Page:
According to the study Measuring What Matters by the Pacific Institute, there are only enough recreational, artistic, or educational programs for 22 percent of youth aged 15 to 20 in West Contra Costa County.
According to California Standards Test Scores, 72 percent of 11th grade students attending West Contra Costa Unified School District are not proficient in U.S. History; 73 percent are not proficient in English; 76 percent are not proficient in Biology; 78 percent are not proficient in World History; and 99 percent are not proficient in Algebra I.
No wonder our youth are struggling. Whether they have parental support they are not receiving the public services they need to become productive citizens.
The third point of my Five Point Plan for a Better West County is to engage youth. The point addresses the above problems by:
Opening childcare centers for low-income children. Loving parents and guardians leave their young children home alone or sitting in cars everyday because they cannot afford childcare. I would like to help these parents and guardians provide a safe and nurturing environment for their children by exercising the power of the Board of Supervisors to open childcare centers at cost.
Creating the Contra Costa County Department of Recreation. The recreation department will offer local youth a variety of constructive activities, including organized sports, art classes, summer camp, and more. The San Francisco Recreation Department is an example of a county wide recreation department.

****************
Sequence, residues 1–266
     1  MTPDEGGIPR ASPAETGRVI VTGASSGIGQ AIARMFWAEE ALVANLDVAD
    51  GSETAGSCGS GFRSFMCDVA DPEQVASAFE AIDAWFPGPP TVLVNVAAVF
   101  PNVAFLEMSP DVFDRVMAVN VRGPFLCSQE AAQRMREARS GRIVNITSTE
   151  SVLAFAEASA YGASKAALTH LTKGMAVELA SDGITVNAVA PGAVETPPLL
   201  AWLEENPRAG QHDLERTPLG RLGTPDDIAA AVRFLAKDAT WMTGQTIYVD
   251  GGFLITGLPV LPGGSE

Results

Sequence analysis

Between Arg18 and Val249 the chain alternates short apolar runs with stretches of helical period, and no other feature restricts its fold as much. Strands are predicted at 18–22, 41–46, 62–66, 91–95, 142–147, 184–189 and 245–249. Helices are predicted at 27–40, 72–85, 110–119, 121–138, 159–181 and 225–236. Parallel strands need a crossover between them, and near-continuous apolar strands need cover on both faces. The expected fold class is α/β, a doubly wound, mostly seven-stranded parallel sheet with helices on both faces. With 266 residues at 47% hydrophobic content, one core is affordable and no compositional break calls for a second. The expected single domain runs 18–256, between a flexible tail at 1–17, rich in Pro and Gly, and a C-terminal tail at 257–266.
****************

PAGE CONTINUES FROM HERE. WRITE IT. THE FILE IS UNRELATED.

Partnering with low-income and underperforming public schools. The purpose of these partnerships is to provide students attending low-income and underperforming public schools with academic enrichment programs designed to make them more successful in the classroom and therefore life. Although the Board of Supervisors has the power to create educational programs, input from youth, parents, and local educators is needed for proper program design and implementation.
Creating a permanent summer job program. Last summer, the county used stimulus funds to put local youth to work. The program should continue. Summer job programs teach youth the value of honest work, which will serve them well in life. The City of Richmond has a permanent program the county can model.
Although I am confident these changes will give our children a brighter future by building their self-esteem, improving their social skills, helping them become better students, and ultimately good workers, I welcome your suggestions. Part of my job is to listen.